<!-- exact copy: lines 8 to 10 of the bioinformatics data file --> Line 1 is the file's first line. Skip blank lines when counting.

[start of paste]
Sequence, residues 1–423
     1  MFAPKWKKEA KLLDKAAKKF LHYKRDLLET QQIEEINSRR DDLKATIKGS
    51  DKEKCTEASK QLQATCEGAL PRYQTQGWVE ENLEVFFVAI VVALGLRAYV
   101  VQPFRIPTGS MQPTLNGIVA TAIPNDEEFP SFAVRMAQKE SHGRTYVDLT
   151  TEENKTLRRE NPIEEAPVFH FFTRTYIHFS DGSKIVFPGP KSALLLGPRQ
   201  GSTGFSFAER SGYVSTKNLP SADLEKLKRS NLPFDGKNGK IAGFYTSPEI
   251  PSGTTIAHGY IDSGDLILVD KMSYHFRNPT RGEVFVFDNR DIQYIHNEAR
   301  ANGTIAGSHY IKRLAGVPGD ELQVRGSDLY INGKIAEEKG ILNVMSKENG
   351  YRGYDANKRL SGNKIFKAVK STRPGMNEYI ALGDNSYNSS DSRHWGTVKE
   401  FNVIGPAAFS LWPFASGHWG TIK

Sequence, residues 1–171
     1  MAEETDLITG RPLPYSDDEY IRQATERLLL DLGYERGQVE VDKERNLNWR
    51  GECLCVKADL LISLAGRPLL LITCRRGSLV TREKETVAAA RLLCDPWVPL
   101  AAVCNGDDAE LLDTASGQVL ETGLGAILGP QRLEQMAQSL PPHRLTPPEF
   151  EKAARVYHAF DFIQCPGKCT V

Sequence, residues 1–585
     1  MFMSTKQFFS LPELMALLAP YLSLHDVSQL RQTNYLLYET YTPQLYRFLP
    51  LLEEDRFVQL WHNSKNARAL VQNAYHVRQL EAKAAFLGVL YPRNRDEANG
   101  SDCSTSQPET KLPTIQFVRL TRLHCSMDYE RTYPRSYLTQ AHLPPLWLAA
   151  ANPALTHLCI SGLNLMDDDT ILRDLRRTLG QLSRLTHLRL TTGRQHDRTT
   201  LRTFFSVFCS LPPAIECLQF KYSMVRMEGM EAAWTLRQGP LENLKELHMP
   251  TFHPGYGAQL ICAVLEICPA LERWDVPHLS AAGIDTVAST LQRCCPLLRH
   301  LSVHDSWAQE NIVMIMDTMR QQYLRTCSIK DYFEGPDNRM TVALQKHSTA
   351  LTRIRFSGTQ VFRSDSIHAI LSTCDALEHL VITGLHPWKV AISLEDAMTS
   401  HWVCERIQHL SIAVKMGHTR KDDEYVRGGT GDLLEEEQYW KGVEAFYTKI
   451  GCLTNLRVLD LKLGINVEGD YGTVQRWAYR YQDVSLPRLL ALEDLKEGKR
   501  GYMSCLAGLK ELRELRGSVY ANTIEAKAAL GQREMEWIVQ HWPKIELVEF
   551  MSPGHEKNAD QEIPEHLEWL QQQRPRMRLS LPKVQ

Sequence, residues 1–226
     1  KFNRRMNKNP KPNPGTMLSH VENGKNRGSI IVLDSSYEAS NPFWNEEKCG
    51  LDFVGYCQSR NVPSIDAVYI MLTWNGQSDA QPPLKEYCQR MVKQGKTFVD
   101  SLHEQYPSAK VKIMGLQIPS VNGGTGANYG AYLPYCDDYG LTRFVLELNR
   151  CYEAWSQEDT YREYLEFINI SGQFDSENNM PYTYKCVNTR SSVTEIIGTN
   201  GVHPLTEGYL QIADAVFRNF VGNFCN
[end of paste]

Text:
   301  ANGTIAGSHY IKRLAGVPGD ELQVRGSDLY INGKIAEEKG ILNVMSKENG
   351  YRGYDANKRL SGNKIFKAVK STRPGMNEYI ALGDNSYNSS DSRHWGTVKE
   401  FNVIGPAAFS LWPFASGHWG TIK